Government’s new energy plan needs to work alongside innovations in construction, says Actis
Plans announced by the government and Ofgem to invest in smarter, more flexible methods of generating and using energy need to work alongside innovative ways of ensuring homes are as energy efficient as possible, says insulation specialist Actis.
The comments follow the launch on Monday of the Upgrading our Energy Systems – Smart Systems and Flexibility Plan by business secretary Greg Clarke, who says its implementation will help consumers save up to £40bn by 2050.
Innovative Approach to Energy Generation
Actis UK and Ireland commercial director Mark Cooper welcomed the innovative approach to energy generation and usage. He said this ‘outside the box’ thinking echoed sentiments in the recent Farmer Review of the Construction Labour Model which challenged the building industry to radically rethink how it operates in order to survive.
“Innovation in energy generation and use has to go hand in hand with innovative new ways of creating the homes in which consumers will use this energy,” he explained
Commissioned by the Department for Communities and Local Government and Department for Business, Energy and Industrial Strategy, the report’s author Mark Farmer said construction should be more like a car factory production line, with every section deliverable to a pre-determined quality standard.
Mark Cooper continued:
“We at Actis have been at the forefront of new technologies for a number of years with our innovative insulation products. The industry as a whole needs to take a broader approach to ensure energy efficiency standards continue to improve and to address immediate and medium term issues such as a shortage of skilled labour and a huge need for more housing.
“We are among those pushing for more focus on offsite construction whose build speed, and the relative ease with which timber frame houses can be constructed, is vital at a time when the country is in dire need of additional housing and when the number of skilled workers is dwindling.”
“For maximum effectiveness, the government’s smart energy plan also needs to be combined with a concerted effort to ensure consumers are fully aware of the new options open to them. For example, they need to understand that not only will new technologies help them save money when using domestic appliances, but that when it comes to heating, the first line of defence against energy wastage is to ensure the physical envelope of their home is energy efficient. Better to have a home which retains the heat in the first place than one heated by renewables which leak out through the walls and roof as fast as you can say solar PV panel….”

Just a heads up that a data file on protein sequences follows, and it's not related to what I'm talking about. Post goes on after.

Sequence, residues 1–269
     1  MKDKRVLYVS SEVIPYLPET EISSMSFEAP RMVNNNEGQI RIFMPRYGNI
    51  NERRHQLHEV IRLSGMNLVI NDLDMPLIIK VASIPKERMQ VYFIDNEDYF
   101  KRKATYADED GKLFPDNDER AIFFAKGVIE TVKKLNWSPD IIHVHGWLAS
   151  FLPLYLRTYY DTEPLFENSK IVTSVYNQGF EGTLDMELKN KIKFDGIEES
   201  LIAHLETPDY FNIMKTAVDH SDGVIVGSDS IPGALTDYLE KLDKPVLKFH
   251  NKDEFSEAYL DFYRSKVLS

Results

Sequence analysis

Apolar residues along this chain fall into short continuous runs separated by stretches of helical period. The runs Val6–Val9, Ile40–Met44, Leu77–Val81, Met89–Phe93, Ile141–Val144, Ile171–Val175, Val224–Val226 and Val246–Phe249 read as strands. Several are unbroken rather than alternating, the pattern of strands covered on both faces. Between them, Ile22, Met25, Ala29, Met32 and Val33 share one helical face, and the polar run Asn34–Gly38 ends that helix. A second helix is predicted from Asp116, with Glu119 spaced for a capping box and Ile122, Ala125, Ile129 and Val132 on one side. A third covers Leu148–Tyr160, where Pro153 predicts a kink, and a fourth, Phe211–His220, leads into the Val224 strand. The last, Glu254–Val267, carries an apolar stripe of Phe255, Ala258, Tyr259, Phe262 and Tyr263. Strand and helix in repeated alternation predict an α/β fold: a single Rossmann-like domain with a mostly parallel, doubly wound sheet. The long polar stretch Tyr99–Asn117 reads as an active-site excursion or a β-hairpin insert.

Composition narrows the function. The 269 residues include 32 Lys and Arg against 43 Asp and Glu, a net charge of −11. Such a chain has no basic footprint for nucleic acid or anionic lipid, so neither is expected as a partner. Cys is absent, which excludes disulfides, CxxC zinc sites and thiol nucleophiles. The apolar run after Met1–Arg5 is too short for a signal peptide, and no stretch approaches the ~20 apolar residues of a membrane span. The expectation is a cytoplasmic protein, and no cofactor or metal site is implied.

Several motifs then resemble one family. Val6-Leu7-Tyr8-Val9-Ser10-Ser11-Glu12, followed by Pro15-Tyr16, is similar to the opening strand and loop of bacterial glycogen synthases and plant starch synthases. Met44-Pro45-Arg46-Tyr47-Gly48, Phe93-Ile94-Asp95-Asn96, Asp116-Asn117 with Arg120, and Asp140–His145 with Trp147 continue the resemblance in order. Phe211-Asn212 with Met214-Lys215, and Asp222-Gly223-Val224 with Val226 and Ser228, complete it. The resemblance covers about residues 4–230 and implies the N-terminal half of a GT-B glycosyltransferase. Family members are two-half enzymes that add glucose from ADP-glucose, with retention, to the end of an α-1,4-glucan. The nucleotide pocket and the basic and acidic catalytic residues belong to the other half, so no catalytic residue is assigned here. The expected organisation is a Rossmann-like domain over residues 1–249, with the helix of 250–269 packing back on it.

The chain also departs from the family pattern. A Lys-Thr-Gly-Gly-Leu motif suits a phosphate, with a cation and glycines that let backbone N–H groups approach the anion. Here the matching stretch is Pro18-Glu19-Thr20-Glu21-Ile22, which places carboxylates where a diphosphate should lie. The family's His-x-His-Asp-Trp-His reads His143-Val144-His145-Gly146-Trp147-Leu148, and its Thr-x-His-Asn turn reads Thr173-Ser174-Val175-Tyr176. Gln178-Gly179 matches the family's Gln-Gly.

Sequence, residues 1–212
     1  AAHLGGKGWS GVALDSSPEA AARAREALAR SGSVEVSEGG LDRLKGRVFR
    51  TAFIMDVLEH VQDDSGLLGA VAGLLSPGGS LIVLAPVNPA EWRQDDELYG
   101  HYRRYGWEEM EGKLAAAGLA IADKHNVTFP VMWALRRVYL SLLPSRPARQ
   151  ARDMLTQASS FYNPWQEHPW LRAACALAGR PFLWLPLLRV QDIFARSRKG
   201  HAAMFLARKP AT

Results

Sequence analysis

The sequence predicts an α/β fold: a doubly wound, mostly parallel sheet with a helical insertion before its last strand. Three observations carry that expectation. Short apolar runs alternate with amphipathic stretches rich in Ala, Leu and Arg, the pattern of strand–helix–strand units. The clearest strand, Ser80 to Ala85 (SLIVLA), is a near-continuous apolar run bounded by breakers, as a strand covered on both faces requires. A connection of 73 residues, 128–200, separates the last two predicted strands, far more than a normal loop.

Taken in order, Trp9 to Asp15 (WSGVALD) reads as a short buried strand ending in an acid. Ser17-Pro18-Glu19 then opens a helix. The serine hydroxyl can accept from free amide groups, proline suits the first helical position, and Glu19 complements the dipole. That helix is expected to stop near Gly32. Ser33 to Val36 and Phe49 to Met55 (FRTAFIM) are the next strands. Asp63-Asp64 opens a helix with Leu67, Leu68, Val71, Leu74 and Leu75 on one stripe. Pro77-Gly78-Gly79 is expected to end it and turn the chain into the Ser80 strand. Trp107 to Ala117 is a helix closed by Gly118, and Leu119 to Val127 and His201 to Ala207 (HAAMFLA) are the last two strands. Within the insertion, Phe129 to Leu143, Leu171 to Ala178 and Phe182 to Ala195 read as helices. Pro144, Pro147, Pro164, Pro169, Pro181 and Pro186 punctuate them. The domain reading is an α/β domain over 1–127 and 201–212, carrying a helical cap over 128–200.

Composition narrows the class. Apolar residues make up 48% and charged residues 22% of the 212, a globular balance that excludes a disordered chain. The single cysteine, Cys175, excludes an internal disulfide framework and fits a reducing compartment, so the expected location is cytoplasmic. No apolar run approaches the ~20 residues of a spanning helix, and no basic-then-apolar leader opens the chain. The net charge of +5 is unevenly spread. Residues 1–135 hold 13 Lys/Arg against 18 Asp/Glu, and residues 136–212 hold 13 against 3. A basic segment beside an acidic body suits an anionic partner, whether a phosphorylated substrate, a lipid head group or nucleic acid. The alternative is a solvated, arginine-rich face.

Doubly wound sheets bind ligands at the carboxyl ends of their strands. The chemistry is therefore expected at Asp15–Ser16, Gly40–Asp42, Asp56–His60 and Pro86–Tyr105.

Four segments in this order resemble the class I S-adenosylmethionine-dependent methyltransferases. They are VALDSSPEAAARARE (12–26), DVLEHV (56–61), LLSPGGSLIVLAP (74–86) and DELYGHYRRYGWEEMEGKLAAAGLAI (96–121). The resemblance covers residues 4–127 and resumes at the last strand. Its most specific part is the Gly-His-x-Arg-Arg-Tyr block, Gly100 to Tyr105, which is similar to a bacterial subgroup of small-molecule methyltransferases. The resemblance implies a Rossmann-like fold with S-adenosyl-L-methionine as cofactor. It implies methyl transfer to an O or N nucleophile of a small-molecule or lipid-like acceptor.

Phil Clabburn Self-Builder
This combination of maximising fabric energy efficiency and minimising financial outgoings is illustrated by an Isle of Wight self builder whose primary aim was to protect his purse from the utility companies.
Phil Clabburn insulated his 1900 sq ft traditionally styled timber frame home with Actis Hybris and insulating vapour control layer H Control Hybrid to ensure a thermally efficient shell, while installing a wood pellet burner, rainwater recovery system, solar thermal panel and LED lighting.
Phil explained: “My objective was not to go all eco and save the planet and do a Kevin McCloud. It was simply to save ourselves from the utility companies! Looking at the project scientifically, I had some key objectives I wanted to achieve – mega insulation, low energy usage and low water consumption. This has been achieved by simple technologies, not complicated, expensive ones which consume lots of electricity!”
Ardenvale Ltd Hen House to Cottage Conversion
Solihull-based Ardenvale Ltd chose to use products from the Actis Hybrid range when it converted a 10,000 sq ft 1940s one time hen house into a selection of one and two bedroom cottages.
It chose insulating vapour control layer H Control Hybrid for the walls and 45mm honeycomb style insulation Hybris, H Control Hybrid and multifoil TS10+ for the roofs – for their combination of thermal efficiency and thinness. The properties also benefit from underfloor heating provided via an air source heat pump.